We conducted our study on wild-derived house mice (F3 from wild-trapped M. musculus musculus) in seminatural conditions. We released mice into four indoor enclosures (9 m × 4 m each; Supplementary  Fig. S1) for 16 weeks and recorded their social behavior. Urine was collected at 4-week intervals throughout the experiment. We measured urinary protein and used gas chromatography coupled with mass spectrometry (GC–MS) to quantify VOCs at multiple time points, allowing us to compare pheromone expression before and during the seminatural enclosure phase. We expected that upregulation and excretion of MUPs and volatile pheromones would influence male reproductive success, and that the regulation of these compounds would depend upon their social status24. Furthermore, we expected that the degree of sexual dimorphism in urinary compounds would change in competitive conditions due to socially-mediated effects on the chemical signals of both sexes24,31,32,33,34, but we did not expect females to regulate protein excretion depending upon their social status24 or to correlate with reproductive success31.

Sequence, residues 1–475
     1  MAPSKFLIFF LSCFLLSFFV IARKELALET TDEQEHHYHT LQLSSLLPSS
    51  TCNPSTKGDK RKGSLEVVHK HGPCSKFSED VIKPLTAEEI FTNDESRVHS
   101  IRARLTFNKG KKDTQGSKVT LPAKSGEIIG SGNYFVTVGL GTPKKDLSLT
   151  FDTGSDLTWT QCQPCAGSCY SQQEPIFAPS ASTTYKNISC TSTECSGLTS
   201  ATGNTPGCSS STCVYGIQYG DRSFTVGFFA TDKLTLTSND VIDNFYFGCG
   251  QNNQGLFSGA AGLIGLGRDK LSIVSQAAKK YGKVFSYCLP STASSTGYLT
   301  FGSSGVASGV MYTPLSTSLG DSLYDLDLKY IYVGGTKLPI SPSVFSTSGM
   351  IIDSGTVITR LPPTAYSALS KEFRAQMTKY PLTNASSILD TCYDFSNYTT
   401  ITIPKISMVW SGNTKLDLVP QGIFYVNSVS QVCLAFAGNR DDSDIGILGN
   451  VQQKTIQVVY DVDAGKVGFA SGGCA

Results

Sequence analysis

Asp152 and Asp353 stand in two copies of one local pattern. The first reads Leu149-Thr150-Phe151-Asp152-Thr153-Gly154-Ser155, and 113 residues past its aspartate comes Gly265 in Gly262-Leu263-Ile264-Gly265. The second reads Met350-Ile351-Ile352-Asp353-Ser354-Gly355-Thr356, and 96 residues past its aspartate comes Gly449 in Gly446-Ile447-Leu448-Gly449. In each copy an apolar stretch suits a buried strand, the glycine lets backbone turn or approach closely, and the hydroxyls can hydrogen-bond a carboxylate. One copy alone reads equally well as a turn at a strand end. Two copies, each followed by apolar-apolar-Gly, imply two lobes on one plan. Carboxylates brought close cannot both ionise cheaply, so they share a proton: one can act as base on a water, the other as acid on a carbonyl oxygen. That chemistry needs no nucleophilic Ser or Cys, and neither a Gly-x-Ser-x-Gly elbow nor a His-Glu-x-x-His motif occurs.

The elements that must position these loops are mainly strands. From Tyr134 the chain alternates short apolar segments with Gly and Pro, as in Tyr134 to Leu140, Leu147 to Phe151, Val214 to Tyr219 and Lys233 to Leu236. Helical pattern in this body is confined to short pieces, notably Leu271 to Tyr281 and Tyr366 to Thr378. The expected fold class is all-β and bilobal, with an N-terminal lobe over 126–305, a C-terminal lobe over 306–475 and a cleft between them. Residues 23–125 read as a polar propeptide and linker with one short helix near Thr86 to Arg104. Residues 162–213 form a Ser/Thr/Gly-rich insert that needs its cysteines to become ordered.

The production of urinary pheromones correlated with male but not female reproductive success (RS; defined in “Materials and methods” section). The most important predictors of male RS were total urinary protein concentration (75%) and social status (69%; Table 1; based on conditional model average sum of weights). The relative importance of age, creatinine, and mass ranged from 23 to 39%; PC ratio (protein:creatinine concentration) was excluded from the model due to collinearity (VIF = 6.97). Total urinary protein concentration during the enclosure phase was positively correlated with RS for males (Spearman R = 0.52, p = 0.01; Fig. 1a), but not females (Fig. 1b). This correlation is explained by the low protein concentration in the urine of non-reproductive males, as it is no longer significant after removing these males from the analysis (R = 0.12, p = 0.62; Supplementary Fig. S2). The median total urinary protein concentration was 5512 µg mL−1 and 5028 µg mL−1 for reproductive and non-reproductive males, respectively (Wilcoxon rank sum test W = 5, p < 0.001; Supplementary Fig. S2).

Reproductive success in relation to urinary protein and social status. Scatterplots show the total urinary protein concentration of males (a) and females (b) in relation to reproductive success. The boxplot (c) shows female and male social status in relation to reproductive success. Light gray coloration of data points and boxes indicate subordinate (S) social status during the enclosures. Black data points and dark gray boxes indicate dominant (D) social status. The black trend line in the scatterplots shows the loess (local regression) fit for non-parametric data (50% of data points to fit Epanechnikov kernel).